crowd dispersal to death #kidapawan
I’ve covered enough violent dispersals to know that those who get hurt are often from both sides. BUT there is no such thing as equality in the frontlines. Policemen, and my friends in the PNP have to bear with me here, bear a far greater responsibility both for keeping the peace and for exercising restraint.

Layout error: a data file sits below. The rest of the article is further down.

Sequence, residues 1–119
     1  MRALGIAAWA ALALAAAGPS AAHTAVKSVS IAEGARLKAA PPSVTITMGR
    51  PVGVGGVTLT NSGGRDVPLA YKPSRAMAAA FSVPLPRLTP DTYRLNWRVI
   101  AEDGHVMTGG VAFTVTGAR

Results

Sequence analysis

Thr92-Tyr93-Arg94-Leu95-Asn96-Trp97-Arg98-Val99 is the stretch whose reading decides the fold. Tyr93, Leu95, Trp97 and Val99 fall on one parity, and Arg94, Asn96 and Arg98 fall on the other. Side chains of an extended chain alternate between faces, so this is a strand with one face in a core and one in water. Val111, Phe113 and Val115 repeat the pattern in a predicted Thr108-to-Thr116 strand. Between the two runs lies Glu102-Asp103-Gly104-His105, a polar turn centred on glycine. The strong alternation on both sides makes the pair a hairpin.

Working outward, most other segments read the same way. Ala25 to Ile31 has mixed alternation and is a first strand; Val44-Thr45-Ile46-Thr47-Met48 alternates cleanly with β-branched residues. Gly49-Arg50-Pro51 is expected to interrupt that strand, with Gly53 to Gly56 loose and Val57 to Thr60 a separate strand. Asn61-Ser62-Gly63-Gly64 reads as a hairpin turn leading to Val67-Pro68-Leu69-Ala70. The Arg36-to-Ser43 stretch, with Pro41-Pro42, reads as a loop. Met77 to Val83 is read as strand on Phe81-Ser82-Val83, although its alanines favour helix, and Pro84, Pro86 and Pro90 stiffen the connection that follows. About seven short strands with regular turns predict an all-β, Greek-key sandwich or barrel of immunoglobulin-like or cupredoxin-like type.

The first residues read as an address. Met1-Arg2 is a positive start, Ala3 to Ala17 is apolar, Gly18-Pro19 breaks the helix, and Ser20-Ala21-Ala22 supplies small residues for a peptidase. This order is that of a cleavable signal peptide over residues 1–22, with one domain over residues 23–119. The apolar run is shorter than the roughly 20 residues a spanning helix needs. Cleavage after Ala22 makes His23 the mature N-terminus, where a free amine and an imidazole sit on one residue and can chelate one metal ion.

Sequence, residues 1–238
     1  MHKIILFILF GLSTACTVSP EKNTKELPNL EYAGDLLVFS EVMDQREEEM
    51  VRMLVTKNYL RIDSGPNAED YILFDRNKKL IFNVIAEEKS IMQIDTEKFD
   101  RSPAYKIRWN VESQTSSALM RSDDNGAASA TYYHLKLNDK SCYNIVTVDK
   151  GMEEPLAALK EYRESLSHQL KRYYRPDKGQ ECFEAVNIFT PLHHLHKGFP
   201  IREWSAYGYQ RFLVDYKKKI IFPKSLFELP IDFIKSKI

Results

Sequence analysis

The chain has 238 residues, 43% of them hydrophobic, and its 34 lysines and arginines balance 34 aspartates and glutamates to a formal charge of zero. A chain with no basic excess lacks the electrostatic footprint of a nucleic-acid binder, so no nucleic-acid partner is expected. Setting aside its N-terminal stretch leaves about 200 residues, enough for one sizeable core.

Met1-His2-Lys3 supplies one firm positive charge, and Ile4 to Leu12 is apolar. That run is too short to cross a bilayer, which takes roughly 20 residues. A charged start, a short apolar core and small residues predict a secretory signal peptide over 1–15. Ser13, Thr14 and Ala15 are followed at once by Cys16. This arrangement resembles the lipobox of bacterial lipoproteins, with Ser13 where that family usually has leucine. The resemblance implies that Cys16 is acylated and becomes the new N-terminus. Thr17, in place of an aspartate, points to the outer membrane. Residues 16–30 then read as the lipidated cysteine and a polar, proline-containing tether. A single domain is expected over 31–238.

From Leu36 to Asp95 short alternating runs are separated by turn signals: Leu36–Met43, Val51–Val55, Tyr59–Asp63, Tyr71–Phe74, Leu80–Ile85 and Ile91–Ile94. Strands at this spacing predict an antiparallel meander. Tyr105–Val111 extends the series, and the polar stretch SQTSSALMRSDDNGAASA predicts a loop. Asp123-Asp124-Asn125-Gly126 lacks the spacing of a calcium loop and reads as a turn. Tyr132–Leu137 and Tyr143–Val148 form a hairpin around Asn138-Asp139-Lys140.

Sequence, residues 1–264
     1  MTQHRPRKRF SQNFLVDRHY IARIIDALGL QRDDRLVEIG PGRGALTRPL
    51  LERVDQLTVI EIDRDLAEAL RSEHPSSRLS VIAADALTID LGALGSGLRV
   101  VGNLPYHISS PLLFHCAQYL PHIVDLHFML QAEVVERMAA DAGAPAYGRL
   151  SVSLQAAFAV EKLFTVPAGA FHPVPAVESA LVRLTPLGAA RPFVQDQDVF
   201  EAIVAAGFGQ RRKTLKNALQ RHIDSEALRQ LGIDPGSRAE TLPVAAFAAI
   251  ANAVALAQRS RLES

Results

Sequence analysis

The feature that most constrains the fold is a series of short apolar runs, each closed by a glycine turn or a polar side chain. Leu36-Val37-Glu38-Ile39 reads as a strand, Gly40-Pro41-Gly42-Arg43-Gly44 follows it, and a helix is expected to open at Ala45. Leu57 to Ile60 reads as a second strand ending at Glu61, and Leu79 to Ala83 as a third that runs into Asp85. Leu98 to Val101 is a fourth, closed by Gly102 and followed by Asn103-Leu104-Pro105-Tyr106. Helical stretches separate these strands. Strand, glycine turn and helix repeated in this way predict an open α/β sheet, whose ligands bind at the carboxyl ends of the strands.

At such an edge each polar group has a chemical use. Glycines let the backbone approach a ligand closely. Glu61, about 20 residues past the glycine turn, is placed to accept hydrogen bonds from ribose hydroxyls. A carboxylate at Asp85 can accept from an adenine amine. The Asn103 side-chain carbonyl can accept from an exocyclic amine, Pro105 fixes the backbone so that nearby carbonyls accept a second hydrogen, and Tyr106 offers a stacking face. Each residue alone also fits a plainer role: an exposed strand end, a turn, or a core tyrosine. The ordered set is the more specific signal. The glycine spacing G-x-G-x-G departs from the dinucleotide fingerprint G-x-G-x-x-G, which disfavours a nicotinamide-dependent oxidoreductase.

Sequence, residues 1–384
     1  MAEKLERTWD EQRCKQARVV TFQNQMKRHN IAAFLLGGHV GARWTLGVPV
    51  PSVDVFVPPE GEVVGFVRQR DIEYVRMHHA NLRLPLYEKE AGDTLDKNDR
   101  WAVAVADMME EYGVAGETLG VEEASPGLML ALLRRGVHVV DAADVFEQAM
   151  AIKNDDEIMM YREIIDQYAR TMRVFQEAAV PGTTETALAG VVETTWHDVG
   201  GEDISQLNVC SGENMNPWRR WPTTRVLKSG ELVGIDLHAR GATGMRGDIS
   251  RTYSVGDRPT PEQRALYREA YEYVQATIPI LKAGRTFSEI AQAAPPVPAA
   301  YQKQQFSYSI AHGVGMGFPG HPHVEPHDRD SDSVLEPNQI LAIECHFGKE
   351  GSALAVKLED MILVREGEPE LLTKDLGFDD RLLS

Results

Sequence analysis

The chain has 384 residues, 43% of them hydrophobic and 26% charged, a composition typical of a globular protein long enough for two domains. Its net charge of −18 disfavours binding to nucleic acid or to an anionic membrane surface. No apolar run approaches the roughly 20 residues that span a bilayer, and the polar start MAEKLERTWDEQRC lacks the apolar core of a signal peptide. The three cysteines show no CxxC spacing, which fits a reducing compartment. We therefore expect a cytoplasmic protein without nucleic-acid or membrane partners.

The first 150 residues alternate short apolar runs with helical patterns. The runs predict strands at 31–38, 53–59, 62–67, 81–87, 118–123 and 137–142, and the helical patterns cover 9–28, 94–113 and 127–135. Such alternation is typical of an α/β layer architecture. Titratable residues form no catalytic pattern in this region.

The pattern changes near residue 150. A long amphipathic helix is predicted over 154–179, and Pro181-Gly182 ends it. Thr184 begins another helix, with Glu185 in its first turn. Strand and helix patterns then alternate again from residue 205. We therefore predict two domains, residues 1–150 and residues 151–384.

They are, after all, the state-sanctioned instruments of controlled violence who have the right and responsibility to bear instruments of death and use them when necessary. Secondly, they represent the state, and by extension, they represent you and me. They bear arms in my name. What this means is that, no matter how pissed off they are, or how rowdy the crowd is, they have no right to use their arms just because they are ticked off. As in any police force, they have the right to bear arms, and they have the responsibility to use them properly and according to law. Having said that, the Kidapawan incident is clearly a case of lessons unlearned after all the bloody demonstrations we’ve had post Marcos. The PNP’s own rulebook is clear, The latest iteration of the PNP operating manual on police operations involving demonstrations, issued in 2013, is pretty instructive. Rule 6.3 says that policemen are prohibited from firing warning shots. Rule 25.6 prohibits the carrying of firearms by policemen within 100 meters from the demonstration. Non-lethal weapons and equipment may be used to suppress violence, the manual says. Force is only used in cases of self-defense, and the force has to be justified and calibrated, and only for particular and specific cases. Hindi yung, nagkagulo na, magpaputok na tayo! Paalisin sila, paputukan na natin! Or, mga militante lang naman yan, hindi mga magsasaka. Ratratan na natin! If you listen to the recorded sounds of the dispersal, you would hear PAKPAKPAKPAKPAKPAKPAKPAKPAK … parang may encounter na, and not a dispersal. In other words, one does not use firearms in crowd dispersal, regardless of the political affiliations of the crowd. One does not need to be a lawyer or a genius to figure that out. Strangely, the provincial commander, Col. Alex Tagum, argues that his men had to use their guns “to draw out” the demonstrators, whatever that means. If he meant they fired guns to disperse the crowd, that is illegal and illogical. Do you shoot at a crowd to disperse it, really? How can that ever make any sense? And his other argument, captured on television, was that his men were shooting at the ground, which explains daw why you could see puffs of dust where the bullets strike the ground. Anyone who handles firearms would know that if you fire a gun at the ground at a shallow angle, the bullet ricochets or is deflected back upwards.Some combat troops use the technique of skipping bullets off the ground or walls in urban combat. That was one lesson US troops learned in Mogadishu. Is it any wonder that some people were hit, including one bystander who was killed with a bullet to his side? What it boils down to is this… Ang crowd dispersal ay hindi parang rambol ng mga frat, na, uy teka, nalamangan tayo, o, teka, pagkakataon na ito makabawi. Kung gusto ninyo ang kapangyarihan ng armas, akuin din ninyo ang responsibilidad.